• 1 bay leaf
  • 1/4 of a lemon
  • a lemon cut in half

For the Bagna Cauda:

  • 1/4 cup Extra Virgin olive oil
  • 1/4 cup AIP approved fat – I used bone-marrow fat for this recipe, but bacon fat would make a delicious substitute.  You could also use a good quality coconut oil or home-rendered lard.
  • 3 anchovy fillets (read ingredients to ensure they are preserved in an AIP approved oil if canned.  If salted, rinse the excess salt off)
  • 3 cloves of garlic

Method

The first thing that you need to doo is to trim your artichokes as these are going to take the longest time.  Take the artichoke and cut off the end of the stem – I do recommend that you leave some stem on, because while it can taste bitter and can be fibrous it can be edible, and you cannot tell if it is until after it is cooked).  Take a vegetable peeler and peel the stem around all its girth, removing any small and loose leaves.

Next, put the artichoke flat on a cutting board and using a very sharp knife cut an inch off the top of the artichoke – this removes a lot of the spiky bits that may be present.  Check the remaing  leaves for sharp points and if you find them, but them off with a pair of scissors.  Rub all the exposed areas with a cut lemon to prevent browning.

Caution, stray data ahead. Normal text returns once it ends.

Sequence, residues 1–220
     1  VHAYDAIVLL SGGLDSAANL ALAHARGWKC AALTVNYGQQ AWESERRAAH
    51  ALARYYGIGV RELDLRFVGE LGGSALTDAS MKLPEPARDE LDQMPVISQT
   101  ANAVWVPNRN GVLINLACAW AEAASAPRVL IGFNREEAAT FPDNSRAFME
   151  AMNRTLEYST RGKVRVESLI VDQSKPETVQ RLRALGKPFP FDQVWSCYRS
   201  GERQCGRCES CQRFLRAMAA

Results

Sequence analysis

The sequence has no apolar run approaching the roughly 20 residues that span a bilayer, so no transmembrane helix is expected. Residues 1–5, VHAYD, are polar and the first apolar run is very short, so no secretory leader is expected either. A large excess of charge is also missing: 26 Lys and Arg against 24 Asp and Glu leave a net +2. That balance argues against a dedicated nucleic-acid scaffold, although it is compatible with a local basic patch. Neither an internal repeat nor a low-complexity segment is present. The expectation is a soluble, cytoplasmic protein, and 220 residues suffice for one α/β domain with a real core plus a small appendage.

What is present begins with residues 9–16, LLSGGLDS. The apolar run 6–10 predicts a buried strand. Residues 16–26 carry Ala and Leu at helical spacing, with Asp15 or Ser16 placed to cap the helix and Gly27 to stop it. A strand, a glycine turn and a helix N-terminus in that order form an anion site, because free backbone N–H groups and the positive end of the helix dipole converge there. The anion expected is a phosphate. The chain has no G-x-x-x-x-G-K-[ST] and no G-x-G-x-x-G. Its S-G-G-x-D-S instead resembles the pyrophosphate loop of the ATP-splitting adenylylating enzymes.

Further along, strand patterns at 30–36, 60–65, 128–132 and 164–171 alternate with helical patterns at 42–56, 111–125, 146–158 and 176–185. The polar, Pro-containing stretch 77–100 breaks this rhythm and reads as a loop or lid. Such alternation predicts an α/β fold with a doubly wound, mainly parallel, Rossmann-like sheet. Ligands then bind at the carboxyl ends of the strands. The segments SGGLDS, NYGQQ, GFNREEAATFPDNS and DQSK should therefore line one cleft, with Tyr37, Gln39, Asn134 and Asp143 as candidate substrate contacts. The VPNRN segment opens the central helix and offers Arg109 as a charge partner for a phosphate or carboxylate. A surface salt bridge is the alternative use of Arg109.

If you are using an Instant Pot, put the trivet in the bottom.  Add 1 cup of water, the bay leaves, the lemon and the garlic. Add the trimmed and prepared artichokes.  Turn on your instant pot and select Manual.  Press the + button to 20.  Let it run for 20 minutes, the  do a quick release of pressure.  Remove the cooked artichokes and test for done-ness by pulling off a leaf – if it does noBat pull off with minimal pressure/strength cook for 5 mins longer.  Keep warm until the Bagna Cauda is ready.

If you do not have an Instant pot, put the lemon, bay and garlic in a pot with a cup or two of water.  Place a steamer basket over the top and add the trimmed artichoke hearts. cover with a lid, and cook for 45 minutes.